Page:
Artificial intelligence could soon be used for the first time in the UK’s hospitals after clinical experts concluded that it could save time and money.
The National Institute for Health and Care Excellence (NICE) has approved the use of nine artificial intelligence (AI) technologies in planning the treatment of patients undergoing external beam radiotherapy for lung, prostate, or colorectal cancers.
In draft guidelines to the National Health Service (NHS), the recommending body said that AI could be used to mark up, or contour, images of CT and MRI scans for healthy organs at risk of radiation, something that radiographers currently do by hand.
This could save radiographers anywhere between three to 80 minutes per each treatment plan, according to clinical evidence provided to NICE, which they could spend on patients or use to concentrate on more complex cases.
While AI-produced contours are of similar quality to those carried out manually, they will still need to be reviewed by trained healthcare professionals, NICE said, even though evidence showed only minor edits might be required.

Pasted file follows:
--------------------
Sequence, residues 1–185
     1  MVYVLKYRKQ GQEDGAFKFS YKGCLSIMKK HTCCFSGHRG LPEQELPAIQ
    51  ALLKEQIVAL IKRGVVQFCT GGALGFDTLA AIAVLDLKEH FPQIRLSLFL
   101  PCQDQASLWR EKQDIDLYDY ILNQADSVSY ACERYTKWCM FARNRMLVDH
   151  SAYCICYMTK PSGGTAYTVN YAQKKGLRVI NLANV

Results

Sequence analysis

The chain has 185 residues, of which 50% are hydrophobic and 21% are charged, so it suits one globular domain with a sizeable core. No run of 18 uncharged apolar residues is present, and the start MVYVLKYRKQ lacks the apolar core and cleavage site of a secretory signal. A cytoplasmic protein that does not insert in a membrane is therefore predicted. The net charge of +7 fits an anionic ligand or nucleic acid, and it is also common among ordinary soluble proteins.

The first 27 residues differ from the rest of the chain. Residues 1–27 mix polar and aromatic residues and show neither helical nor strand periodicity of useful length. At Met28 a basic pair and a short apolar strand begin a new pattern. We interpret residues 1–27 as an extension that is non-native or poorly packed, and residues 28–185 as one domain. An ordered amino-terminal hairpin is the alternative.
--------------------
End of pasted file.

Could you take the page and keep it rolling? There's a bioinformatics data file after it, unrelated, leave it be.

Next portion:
This could relieve “severe pressure” on radiotherapy departments, according to Sarah Byron, program director for health technologies at NICE.
“The role imaging plays in radiotherapy treatment planning is quite pivotal, so recommending the use of AI technologies to help support treatment planning alongside clinical oversight by a trained healthcare professional could save both time and money,” Byron said.
Health and Social Care Secretary Steve Barclay described the announcement as “hugely encouraging” and said “the NHS must embrace innovation to keep for the future.”
He added: “These tools have the potential to improve efficiency and save clinicians thousands of hours of time that can be spent on patient care.”
The NHS data shows that there were 134,419 radiotherapy episodes in England alone between April 2021 and March 2022, with a significant portion of those requiring complex treatment planning.
Technology costs ranged from £4 to £50 ($5 to $63) per plan, which included software, healthcare professional training, and other associated costs.
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